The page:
Today was a day I sorely needed. I feel like I was able to put myself back together again. The weight on my chest is still here, but I feel much stronger in carrying it.
My wise friend and I saw no sunrise on our foggy, black bridge walk this morning. Each step was extremely therapeutic for me. I wondered out loud why I was having such difficulty coming to gratitude and staying in the moment, when these skills came so easily to me earlier this year. She reminded me that I am currently not in crisis mode. I was given incredible gifts from a power far higher than my own to be able to navigate frontline treatment. Now that Benjamin is in maintenance, the challenge will be maintaining the practice of presence.
I returned home to find Benjamin feeling just fine this morning. No warmth, no runny nose, no soreness, super attitude. I took the boys to school and told Mrs. Smith how tired he has seemed lately. Fortunately, he’s not alone; it’s a common midweek symptom among students returning from winter break. Still, I stayed close to home today. I wanted to check on my boy at lunch, and I felt like I needed some personal restoration. I feel so many hands lifting us up. I had phone calls and texts this morning from friends and family to check on me, offers of massages and fitness classes…these gestures are so kind. I may not accept each offer, but I appreciate them more than I can express. The support we have received is staggering.
I enjoyed lunch with Benjamin very much. I wasn’t hungry yet, so I brought my box of rainbow star supplies to keep my hands busy. It felt good, and I was so happy to see him. He was very proud to see me too; he’d received a new “dog tag” for reading counts, and a certificate for neat handwriting, both academic skills he’s been self-driven to work on lately. We parted ways, and I went to drop off lunch for Banyan at middle school (where parents never stay to eat, of course).
While I waited for Banyan to pick up his sandwich in exchange for a quick hug, his history teacher came into the front office. She thanked me for the sugar scrub I’d made her as a Christmas gift, and asked me how I got into essential oils. I told her how we’d been using them with Benjamin since his diagnosis. Then I froze. We both did. She didn’t know.
I felt terrible. Like I had betrayed Banyan’s trust. The end of Banyan’s elementary school years attached a label to his back. He became representative of the cancer family. Some kids treated him differently. He was sent home with loads of gifts, letters, cards, all the time. It was overwhelming to say the least. At middle school, no one except a few friends knew about his brother’s illness, and I completely understand why he would want to keep it that way. He doesn’t protect it like a secret, it just isn’t something he brings forth voluntarily. But I did, with his history teacher, and I felt terrible.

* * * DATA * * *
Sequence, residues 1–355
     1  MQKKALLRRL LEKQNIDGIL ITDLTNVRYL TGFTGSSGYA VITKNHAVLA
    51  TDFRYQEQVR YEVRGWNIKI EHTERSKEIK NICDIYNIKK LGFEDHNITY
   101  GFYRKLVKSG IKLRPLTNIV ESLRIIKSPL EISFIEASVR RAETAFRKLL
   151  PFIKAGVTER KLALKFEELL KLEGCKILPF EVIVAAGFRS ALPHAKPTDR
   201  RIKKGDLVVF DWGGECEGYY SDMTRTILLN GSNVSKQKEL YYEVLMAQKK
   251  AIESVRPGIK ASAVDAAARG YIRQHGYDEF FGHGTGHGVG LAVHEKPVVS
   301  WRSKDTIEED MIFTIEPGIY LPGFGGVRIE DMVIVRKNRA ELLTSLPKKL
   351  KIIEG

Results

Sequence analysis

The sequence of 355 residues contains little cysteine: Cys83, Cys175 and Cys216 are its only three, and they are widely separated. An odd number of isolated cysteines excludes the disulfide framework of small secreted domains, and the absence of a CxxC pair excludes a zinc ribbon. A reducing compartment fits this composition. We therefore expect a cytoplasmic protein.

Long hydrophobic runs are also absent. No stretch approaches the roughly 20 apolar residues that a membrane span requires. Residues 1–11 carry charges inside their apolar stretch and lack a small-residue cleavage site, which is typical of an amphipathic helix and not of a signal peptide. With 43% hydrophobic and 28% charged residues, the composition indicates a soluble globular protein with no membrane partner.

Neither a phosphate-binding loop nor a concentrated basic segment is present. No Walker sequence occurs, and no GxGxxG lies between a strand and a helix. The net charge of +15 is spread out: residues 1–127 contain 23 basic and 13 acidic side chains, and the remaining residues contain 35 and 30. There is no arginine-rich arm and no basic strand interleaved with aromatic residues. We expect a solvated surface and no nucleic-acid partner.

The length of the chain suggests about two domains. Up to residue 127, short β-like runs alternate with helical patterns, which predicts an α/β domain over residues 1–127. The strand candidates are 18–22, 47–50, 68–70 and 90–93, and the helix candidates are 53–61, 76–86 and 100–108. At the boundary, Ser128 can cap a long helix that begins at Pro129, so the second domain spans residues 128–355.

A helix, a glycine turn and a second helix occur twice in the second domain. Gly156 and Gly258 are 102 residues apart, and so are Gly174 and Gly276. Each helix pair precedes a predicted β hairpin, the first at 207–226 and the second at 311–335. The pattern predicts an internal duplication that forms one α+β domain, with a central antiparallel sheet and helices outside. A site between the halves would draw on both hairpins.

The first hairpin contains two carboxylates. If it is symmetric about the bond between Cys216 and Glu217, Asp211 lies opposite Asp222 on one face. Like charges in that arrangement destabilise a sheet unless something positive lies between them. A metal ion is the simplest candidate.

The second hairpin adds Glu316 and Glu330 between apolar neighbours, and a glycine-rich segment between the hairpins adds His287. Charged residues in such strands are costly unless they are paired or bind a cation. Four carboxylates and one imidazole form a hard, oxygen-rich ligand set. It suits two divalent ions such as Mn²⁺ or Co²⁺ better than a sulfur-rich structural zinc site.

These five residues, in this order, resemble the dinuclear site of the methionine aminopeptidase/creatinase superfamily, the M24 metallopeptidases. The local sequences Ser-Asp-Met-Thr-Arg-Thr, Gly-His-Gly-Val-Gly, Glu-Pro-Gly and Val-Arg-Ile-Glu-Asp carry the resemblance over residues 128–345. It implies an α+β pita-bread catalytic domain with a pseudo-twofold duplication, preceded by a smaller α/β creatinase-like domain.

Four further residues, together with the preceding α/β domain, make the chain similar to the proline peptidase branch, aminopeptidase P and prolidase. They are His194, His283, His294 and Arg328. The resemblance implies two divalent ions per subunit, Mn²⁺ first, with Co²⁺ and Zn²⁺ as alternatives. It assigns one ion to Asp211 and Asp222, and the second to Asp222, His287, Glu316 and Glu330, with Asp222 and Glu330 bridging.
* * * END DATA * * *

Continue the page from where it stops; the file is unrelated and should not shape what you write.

Of course she was amazing and completely respects Banyan’s privacy. I decided not to tell him about my mistake, at least not just now. He seemed so happy on his way from gym to lunch. He was in his own world, a world that doesn’t define him by a label he didn’t choose.
I headed home for a spontaneous afternoon date with my friend, some coffee, and my laminator. Two rainbow stars and an hour of conversation later and I felt like a new person. I made significant headway on an award applications for one of Michael’s projects. I transferred the meal plan I’d been working on into a spreadsheet and have been toying with ways I can share the template with other caregivers and patients. I started a care package for my friend with lymphoma. I played music and put a forgiveness blend in my diffuser.
When I picked up the kids, I found myself surprised that these amazing young men were my own children. I was looking at them with fresh eyes. We had fun. Michael came home, we had a healthy dinner, and the four of us went to the gym again. This time, after the boys played racquetball, Benjamin tried a few of the weight machines. He loved it. His eyes light up when he feels the strength in his body.
My letter to All Children’s is in my outbox now, waiting. I need to collect a few more email addresses before I hit send, and give it (at least) one more read-through. I am nervous, and so is Michael. We know it has the potential to ruffle some feathers. But we also know it must be done. I will keep at the forefront the highest good of the children that will walk the path behind Benjamin as I make my final edits.